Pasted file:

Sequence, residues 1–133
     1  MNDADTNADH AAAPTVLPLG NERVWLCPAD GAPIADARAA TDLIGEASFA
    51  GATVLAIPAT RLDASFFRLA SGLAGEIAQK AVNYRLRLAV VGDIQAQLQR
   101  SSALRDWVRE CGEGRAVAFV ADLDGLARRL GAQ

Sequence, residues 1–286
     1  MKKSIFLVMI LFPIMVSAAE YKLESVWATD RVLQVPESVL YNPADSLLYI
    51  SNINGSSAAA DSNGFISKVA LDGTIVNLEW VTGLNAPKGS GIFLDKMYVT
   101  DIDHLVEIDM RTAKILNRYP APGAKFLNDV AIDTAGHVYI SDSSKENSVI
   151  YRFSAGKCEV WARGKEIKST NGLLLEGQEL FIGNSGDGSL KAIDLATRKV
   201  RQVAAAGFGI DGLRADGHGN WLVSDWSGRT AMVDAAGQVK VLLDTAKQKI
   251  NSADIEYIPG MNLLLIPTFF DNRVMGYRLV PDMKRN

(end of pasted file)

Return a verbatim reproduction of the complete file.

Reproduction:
Sequence, residues 1–133
     1  MNDADTNADH AAAPTVLPLG NERVWLCPAD GAPIADARAA TDLIGEASFA
    51  GATVLAIPAT RLDASFFRLA SGLAGEIAQK AVNYRLRLAV VGDIQAQLQR
   101  SSALRDWVRE CGEGRAVAFV ADLDGLARRL GAQ

Sequence, residues 1–286
     1  MKKSIFLVMI LFPIMVSAAE YKLESVWATD RVLQVPESVL YNPADSLLYI
    51  SNINGSSAAA DSNGFISKVA LDGTIVNLEW VTGLNAPKGS GIFLDKMYVT
   101  DIDHLVEIDM RTAKILNRYP APGAKFLNDV AIDTAGHVYI SDSSKENSVI
   151  YRFSAGKCEV WARGKEIKST NGLLLEGQEL FIGNSGDGSL KAIDLATRKV
   201  RQVAAAGFGI DGLRADGHGN WLVSDWSGRT AMVDAAGQVK VLLDTAKQKI
   251  NSADIEYIPG MNLLLIPTFF DNRVMGYRLV PDMKRN